As we set out on the third section of the course Glen and I continued our time together and he joked about how other hundred mile racers have pacers for the second half but he had his for the first half. I warned him that if he was going to call me his pacer then I was going to nag him about eating and drinking. We were treated to a short gravel road section before turning onto a steep single track climb which lasted about two miles. It was rather slow going but we continued to stay in front of the runners we passed at the end of the second loop. As we started to get closer and closer to the end of the out and back we were eager to know how much of a lead the front runner had on us. Suddenly a female runner who looked fresh blew by us. I looked at her number to see if she was a relay runner and she was not. I was confused and asked her what distance she was running. She responded fifty and I got nervous that she looked so energized. She then divulged that she started late and that this was her first leg. I felt some relief but still did not like that she was in front. Before it could bother me too much the leader was heading towards me. Glen and I looked at our watches so we could calculate how much of a lead he had on us once we hit the turn around. A few minutes later the female flew by us and again we looked at our watches. As we hit the turn around the front runner had about twenty minutes on us and the female runner had about nine minutes. I felt like I could slowly reel her in on the way back. I still felt good and was running comfortably but my stomach was feeling empty. I was ready for a meal. At each aid station I received reports about how far behind I was and the good news was that I was closing the gap. I felt like I was hitting my stride and was running without care and then before I knew it I was flying through the air and headed for the ground. I hit the ground left shoulder first and rolled. After making sure I was ok Glen asked if that was number three and already back in stride I responded yes. About three miles from the finish I caught a glimpse of the female in front of me and was determined to catch her. I caught her and then chatted with her. Finally when we hit the gravel road we were within a mile from the finish. I looked at my watch and new I would have to pick up the pace to be under 8:30. I left Glen and kicked it in and finished with a few seconds to spare.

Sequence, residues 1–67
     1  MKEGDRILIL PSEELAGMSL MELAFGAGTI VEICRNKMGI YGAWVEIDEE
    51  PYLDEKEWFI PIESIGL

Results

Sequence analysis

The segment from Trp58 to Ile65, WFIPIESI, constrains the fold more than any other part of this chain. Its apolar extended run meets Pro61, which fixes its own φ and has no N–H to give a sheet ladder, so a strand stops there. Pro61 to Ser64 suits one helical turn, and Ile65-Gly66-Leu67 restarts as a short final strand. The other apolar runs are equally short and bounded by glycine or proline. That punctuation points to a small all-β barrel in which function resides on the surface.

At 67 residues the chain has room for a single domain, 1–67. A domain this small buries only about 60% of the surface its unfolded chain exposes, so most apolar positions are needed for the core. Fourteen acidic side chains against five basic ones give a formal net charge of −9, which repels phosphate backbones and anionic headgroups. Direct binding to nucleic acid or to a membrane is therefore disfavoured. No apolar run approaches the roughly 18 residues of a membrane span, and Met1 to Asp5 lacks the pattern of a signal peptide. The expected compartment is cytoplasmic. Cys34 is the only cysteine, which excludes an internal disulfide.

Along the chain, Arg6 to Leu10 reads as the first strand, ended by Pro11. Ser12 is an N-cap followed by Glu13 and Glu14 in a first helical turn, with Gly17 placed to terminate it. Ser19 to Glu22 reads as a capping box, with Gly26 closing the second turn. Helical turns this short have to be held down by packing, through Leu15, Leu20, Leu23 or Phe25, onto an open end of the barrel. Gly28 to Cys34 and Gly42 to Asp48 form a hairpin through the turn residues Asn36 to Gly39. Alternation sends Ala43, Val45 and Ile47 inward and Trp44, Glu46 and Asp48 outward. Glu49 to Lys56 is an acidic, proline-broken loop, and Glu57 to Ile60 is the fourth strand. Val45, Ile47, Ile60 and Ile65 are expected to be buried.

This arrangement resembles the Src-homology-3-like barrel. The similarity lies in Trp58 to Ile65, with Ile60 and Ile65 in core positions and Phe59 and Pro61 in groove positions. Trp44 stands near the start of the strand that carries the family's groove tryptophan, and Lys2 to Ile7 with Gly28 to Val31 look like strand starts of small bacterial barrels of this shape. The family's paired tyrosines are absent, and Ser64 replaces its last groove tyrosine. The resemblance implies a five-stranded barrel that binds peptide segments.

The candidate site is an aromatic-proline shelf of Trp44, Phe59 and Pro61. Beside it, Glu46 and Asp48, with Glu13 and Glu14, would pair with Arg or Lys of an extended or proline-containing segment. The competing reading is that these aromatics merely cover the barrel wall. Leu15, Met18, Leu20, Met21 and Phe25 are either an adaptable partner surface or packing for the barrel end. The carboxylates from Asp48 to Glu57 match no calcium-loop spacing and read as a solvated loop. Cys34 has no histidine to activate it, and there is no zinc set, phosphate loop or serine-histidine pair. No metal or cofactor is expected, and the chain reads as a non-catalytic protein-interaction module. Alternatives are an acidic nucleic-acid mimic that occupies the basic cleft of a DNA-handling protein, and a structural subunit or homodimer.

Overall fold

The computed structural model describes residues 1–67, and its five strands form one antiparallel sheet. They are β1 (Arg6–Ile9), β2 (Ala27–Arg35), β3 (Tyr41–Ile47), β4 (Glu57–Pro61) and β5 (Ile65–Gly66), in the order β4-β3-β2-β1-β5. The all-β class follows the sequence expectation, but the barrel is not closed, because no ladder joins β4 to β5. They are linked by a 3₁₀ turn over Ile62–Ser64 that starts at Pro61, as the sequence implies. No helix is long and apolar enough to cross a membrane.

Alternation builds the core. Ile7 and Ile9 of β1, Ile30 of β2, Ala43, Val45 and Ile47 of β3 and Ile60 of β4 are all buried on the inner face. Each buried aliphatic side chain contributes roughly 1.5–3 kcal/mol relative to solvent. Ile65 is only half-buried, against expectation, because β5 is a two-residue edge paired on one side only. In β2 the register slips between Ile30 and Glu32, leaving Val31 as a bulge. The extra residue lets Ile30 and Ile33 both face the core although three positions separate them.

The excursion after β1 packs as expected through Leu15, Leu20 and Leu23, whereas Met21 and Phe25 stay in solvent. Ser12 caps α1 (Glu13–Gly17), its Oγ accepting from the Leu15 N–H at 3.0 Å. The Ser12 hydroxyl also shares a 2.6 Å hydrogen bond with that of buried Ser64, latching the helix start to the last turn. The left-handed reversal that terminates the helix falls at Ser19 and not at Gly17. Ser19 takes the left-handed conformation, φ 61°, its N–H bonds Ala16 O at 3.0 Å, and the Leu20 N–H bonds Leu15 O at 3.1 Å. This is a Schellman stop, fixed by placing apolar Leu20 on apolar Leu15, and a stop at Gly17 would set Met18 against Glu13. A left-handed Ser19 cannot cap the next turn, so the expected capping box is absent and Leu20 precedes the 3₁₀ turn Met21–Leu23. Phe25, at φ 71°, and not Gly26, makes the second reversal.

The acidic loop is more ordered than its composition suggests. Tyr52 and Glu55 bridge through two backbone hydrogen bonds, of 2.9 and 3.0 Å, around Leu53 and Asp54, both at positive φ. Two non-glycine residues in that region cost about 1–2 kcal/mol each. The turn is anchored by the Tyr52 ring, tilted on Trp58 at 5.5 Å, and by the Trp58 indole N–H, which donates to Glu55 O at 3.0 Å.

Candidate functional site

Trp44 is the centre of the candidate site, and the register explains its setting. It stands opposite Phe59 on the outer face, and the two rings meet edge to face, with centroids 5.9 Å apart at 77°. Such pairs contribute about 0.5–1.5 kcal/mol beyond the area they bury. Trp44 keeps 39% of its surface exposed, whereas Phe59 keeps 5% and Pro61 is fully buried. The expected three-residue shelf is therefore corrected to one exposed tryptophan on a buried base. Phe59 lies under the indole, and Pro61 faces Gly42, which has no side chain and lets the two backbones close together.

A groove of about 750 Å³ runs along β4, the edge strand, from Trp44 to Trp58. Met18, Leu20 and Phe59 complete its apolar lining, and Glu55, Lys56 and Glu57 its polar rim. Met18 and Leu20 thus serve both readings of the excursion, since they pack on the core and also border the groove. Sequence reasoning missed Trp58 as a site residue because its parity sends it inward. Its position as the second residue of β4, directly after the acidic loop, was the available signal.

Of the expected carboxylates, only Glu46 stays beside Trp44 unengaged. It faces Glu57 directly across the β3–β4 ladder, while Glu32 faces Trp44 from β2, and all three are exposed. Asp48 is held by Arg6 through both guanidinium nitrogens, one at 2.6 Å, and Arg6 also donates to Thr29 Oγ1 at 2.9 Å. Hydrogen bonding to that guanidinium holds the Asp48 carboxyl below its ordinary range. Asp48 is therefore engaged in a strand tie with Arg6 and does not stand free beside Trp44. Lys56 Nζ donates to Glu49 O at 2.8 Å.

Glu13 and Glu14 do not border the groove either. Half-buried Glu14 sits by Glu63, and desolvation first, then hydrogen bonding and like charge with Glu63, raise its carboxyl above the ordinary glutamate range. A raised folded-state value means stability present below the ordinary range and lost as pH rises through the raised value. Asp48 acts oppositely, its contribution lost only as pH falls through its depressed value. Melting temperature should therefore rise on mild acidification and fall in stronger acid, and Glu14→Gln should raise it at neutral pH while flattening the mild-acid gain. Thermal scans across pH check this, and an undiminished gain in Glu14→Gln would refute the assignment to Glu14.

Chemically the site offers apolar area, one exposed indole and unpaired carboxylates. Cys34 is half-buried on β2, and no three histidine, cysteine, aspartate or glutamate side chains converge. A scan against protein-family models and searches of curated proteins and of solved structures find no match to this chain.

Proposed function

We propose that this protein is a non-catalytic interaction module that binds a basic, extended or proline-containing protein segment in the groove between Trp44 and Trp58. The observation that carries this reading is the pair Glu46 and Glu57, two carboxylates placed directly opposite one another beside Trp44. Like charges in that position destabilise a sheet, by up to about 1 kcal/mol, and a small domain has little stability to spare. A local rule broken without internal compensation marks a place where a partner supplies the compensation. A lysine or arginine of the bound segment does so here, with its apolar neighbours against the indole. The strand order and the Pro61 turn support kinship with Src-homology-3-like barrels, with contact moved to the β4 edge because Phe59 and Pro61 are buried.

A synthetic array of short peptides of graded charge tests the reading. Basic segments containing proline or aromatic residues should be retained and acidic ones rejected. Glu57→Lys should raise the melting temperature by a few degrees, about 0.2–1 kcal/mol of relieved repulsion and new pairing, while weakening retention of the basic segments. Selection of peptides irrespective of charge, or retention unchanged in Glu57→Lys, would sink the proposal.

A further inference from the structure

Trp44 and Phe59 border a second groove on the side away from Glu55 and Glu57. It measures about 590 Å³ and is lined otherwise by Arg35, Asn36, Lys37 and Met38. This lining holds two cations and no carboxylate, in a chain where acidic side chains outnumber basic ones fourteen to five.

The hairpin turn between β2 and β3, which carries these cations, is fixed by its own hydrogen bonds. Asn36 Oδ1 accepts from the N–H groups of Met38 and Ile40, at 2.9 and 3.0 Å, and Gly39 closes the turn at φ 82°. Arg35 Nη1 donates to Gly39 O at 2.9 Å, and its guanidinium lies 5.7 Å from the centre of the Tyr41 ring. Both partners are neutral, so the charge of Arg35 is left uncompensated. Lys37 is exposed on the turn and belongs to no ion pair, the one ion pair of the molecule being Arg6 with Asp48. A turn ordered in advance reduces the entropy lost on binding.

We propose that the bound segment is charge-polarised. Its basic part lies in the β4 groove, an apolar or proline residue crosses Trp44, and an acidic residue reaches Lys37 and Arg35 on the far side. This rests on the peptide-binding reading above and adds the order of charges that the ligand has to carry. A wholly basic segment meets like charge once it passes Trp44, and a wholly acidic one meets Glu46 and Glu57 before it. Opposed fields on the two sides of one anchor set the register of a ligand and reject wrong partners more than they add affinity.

Although the Iroquois race isn’t well known yet it is an amazing course that has an impressive 38 miles of single track for the 50 mile course with and an elevation gain and loss of roughly 9,000 feet. The aid stations were well stocked and spaced and the race director and crew were incredible.